(One more Nexstar note: its stations remained on Time Warner Cable systems out of their home markets right up until the end of the Time Warner/Hearst carriage dispute Thursday night, despite Nexstar”s protestations that Time Warner had no legal right to carry WROC, WBRE or Utica”s WUTR into markets where it couldn”t carry local Hearst-owned CBS, NBC or ABC affiliates.)
The third Newport buyer, Cox Media Group, added only two of Newport”s bigger clusters in Jacksonville and Tulsa – but it did so as part of a consolidation strategy in which it”s focusing its efforts on markets in which it can assemble dominant TV/radio clusters. That, in turn, means Cox now plans to sell off some of its less-consolidated markets, which means the company is now seeking buyers for its radio stations in southern Connecticut and its smaller TV signals flanking Pittsburgh”s WPXI (Channel 11).
In Connecticut, Cox had already shed its AM signals and one smaller FM (the former WKHL 96.7 Stamford, now K-Love”s WKLV-FM), and now it”s hoping to unload rocker WPLR (99.1 New Haven), AC WEZN-FM (99.9 Bridgeport), classic rock WFOX-FM (95.9 Norwalk) and the sales rights to Yale”s WYBC-FM (94.3 New Haven). Who”d be in line to buy them? About the only names we can rule out might be the other two big commercial operators in the area, Clear Channel and Cumulus, which would both face market-concentration issues if they tried to add Cox”s big FMs.
In western Pennsylvania and vicinity, Cox wants to sell NBC affiliates WJAC-TV (Channel 6) in Johnstown and WTOV (Channel 9) in Steubenville, Ohio, apparently having concluded that even after centralizing many of those stations” operations at WPXI, they”re just not big enough by the standards of today”s Cox.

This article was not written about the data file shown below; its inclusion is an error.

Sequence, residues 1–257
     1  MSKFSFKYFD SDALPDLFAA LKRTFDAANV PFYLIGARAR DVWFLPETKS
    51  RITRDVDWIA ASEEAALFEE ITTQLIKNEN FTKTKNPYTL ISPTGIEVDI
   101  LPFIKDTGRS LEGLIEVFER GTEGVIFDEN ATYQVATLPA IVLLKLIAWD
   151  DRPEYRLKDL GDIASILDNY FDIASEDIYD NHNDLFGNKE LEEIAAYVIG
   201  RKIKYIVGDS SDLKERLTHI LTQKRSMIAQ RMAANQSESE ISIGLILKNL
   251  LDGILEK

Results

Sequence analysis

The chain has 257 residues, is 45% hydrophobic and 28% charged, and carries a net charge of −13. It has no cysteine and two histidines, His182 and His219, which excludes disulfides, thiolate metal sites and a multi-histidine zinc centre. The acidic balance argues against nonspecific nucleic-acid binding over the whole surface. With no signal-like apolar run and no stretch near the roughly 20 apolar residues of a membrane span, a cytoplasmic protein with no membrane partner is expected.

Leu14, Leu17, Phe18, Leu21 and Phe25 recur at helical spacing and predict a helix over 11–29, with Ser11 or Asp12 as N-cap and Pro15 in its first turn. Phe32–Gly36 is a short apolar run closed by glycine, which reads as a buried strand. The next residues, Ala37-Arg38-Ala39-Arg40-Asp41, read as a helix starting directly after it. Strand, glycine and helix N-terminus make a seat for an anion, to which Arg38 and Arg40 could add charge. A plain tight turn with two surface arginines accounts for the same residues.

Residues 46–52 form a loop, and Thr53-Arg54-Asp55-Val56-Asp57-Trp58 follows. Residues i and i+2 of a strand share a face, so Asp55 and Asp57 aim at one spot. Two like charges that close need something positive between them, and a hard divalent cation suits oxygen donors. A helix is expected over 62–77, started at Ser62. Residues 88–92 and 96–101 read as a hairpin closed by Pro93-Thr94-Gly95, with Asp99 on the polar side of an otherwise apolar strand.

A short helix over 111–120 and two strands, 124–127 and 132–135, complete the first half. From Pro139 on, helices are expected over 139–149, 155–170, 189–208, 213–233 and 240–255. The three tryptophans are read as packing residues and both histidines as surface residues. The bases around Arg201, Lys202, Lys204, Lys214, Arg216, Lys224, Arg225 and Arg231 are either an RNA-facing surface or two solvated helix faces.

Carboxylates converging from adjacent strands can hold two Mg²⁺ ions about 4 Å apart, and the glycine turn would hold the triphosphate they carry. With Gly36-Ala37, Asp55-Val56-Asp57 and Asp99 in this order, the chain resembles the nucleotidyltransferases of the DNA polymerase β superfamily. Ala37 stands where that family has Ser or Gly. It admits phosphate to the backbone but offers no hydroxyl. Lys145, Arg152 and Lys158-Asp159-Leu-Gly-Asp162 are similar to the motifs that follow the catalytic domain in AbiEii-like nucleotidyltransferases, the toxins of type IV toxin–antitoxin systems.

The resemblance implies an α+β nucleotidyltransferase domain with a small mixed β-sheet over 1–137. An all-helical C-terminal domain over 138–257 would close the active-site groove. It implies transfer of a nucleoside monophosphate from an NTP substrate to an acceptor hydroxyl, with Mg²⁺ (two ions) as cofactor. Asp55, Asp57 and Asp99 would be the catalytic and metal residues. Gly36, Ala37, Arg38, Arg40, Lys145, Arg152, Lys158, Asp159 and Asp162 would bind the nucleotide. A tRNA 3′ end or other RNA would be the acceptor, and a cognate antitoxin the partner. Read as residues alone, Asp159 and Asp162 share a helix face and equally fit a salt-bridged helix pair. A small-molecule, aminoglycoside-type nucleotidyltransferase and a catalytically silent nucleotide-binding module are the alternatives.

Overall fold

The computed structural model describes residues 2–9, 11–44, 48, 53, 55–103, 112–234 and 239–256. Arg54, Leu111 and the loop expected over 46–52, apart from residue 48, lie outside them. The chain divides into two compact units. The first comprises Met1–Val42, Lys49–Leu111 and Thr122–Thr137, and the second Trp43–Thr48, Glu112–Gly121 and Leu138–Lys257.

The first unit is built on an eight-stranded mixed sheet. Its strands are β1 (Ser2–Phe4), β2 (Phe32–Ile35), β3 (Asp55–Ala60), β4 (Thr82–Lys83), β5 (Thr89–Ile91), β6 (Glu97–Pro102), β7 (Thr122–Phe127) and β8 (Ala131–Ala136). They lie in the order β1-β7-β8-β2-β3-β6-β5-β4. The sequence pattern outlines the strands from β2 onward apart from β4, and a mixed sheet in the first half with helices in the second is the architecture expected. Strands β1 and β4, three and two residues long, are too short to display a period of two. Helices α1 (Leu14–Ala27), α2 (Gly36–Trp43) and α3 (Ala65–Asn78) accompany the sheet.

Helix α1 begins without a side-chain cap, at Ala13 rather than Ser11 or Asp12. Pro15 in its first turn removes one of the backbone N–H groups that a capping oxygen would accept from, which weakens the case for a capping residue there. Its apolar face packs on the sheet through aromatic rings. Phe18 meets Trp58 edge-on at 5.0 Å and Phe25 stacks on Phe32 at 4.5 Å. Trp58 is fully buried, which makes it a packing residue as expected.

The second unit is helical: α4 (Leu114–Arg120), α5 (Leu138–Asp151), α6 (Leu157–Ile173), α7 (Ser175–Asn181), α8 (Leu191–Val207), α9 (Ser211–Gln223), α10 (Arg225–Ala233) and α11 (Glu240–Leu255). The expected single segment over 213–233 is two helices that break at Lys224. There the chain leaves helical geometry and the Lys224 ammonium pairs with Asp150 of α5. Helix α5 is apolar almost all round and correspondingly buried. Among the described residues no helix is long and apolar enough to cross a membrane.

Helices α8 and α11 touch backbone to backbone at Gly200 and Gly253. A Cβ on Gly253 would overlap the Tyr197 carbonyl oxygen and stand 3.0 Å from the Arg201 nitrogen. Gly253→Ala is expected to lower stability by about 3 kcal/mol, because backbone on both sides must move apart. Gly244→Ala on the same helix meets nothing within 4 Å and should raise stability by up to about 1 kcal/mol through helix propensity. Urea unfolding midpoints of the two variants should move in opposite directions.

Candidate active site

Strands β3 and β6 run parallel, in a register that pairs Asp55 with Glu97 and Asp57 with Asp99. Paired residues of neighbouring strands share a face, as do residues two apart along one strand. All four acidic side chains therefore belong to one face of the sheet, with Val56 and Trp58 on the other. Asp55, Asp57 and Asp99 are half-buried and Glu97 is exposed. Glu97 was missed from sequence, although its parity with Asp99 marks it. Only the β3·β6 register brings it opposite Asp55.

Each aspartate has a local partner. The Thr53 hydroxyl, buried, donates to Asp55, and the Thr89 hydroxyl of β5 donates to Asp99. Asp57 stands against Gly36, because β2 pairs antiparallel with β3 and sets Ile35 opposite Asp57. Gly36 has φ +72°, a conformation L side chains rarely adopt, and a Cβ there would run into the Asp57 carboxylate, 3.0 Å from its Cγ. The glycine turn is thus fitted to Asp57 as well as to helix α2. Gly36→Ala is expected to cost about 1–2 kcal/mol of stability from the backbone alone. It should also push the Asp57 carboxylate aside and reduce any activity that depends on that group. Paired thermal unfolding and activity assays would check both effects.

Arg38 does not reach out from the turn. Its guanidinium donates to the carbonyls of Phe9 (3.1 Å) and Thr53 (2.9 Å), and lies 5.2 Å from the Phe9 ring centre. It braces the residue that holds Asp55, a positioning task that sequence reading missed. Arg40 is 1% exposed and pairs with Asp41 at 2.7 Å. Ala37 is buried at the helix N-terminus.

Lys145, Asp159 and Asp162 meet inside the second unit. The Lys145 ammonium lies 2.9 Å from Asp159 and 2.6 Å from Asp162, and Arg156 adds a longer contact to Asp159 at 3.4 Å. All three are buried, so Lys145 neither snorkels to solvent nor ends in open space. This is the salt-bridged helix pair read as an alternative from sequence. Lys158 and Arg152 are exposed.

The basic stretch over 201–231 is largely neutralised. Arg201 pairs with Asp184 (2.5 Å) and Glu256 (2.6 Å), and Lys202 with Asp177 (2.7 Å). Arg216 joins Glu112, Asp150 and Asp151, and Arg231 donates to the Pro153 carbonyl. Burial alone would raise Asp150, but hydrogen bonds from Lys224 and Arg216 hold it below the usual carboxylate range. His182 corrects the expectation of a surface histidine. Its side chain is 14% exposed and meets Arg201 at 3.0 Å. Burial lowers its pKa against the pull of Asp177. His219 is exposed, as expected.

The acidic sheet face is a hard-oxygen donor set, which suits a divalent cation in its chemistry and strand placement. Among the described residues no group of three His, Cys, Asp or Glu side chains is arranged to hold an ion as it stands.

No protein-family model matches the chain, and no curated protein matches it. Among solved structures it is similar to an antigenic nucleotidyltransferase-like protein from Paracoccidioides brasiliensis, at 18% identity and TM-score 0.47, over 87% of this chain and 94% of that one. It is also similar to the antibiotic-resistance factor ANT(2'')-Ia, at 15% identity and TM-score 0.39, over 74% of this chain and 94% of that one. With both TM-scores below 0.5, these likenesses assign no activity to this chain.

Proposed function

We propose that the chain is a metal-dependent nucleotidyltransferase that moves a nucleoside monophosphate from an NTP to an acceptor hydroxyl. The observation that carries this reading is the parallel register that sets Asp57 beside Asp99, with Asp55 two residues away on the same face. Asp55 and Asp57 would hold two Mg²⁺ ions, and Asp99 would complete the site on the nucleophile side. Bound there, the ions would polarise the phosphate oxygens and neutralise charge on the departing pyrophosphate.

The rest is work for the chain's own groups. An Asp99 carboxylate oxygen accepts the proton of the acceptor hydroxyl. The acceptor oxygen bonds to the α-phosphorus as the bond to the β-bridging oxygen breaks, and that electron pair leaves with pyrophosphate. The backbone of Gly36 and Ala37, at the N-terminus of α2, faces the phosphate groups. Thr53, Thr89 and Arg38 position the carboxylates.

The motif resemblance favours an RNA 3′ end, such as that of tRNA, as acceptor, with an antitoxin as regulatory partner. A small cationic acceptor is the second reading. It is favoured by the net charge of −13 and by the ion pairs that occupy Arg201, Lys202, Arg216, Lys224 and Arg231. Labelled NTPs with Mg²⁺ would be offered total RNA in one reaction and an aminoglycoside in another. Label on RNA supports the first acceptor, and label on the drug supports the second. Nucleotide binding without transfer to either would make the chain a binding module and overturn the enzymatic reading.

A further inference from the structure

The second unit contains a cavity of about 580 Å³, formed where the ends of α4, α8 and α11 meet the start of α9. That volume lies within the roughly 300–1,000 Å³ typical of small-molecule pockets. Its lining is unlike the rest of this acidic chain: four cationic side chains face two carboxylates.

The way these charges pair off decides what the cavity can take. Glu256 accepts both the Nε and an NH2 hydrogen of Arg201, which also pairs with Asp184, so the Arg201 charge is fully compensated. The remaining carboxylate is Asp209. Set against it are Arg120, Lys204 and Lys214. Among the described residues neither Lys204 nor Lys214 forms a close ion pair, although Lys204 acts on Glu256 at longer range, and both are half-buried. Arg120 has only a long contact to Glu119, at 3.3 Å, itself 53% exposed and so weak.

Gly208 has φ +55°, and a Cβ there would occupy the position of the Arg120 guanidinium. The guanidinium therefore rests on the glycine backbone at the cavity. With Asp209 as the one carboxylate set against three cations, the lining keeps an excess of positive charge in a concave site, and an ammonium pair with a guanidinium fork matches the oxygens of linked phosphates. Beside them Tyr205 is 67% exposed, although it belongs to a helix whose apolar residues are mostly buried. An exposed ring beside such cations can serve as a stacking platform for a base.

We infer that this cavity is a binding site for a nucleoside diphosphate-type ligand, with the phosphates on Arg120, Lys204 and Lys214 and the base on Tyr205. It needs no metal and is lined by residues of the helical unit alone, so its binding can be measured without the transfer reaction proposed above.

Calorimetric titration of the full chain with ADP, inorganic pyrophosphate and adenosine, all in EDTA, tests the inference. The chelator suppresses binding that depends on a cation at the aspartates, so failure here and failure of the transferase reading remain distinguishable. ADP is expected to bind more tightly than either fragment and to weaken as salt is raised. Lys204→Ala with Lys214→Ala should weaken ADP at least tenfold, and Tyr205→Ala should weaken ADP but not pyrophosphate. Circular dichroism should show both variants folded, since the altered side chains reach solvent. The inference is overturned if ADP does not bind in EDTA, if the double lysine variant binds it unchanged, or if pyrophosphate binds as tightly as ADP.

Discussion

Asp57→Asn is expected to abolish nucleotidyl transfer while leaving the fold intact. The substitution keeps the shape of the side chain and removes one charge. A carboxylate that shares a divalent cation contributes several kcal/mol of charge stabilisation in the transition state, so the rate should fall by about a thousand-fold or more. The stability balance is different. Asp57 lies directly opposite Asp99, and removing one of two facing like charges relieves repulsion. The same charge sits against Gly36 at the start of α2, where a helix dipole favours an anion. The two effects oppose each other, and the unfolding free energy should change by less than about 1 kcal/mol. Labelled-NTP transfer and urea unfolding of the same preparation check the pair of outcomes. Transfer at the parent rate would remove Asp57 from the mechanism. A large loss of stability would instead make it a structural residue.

Once those stations are sold, Cox”s only remaining operations in the region will be its Long Island FMs (WBAB and WBLI) and WPXI in Pittsburgh.
*There”s big TV news from CANADA this week, especially for viewers outside the biggest cities. The CRTC approved the CBC”s request to shut down all of its remaining analog transmitters effective August 1, a move that will leave over-the-air viewers in many places with no service from CBC or Radio-Canada, and in some cases with no Canadian TV service at all. CBC officials cited budget issues and the widespread use of satellite and cable TV when they decided to implement digital TV service only in “mandatory markets” – provincial capitals and other very large cities with multiple local stations.
Among the cities that don”t meet those criteria for CBC English TV are Sydney, Nova Scotia, Moncton, N.B., Quebec City (and the rest of Quebec outside Montreal), London, Kitchener and Sudbury, Ontario – and Sudbury”s doubly hit, since its large Francophone population will lose Radio-Canada service, as will Halifax, Charlottetown, Windsor, and a whole swath of rural eastern and northern Quebec. (You can read the entire list of deleted transmitters here.)
*The rest of the week”s Canadian news all came from the Maritime Broadcasting System (MBS): in Charlottetown, PEI, CHLQ (93.1) has flipped from classic hits/oldies “Magic 93” to classic rock “Q93.” Dan Sys at Canadian Radio News says the move is meant to close a gap created when rival Newcap flipped CKQK (K-Rock 105.5) to top-40 “Hot 105.5” earlier this year. And in Saint John, New Brunswick, seven unionized workers at the three-station MBS cluster are now in the second month of their strike – and while MBS is using replacement personnel to keep its stations on the air, the striking employees are launching their own online station this week at radiofreesaintjohn.fm.
*There was much more news this week from MASSACHUSETTS, too: in Quincy, WUMB-FM (91.9 Boston) is soon to be evicted from its transmitter site. The site WUMB has used for decades is an historic stone water tower, and WUMB tells the FCC that tower “will soon be restored to its original state,” which didn”t include an FM antenna up top.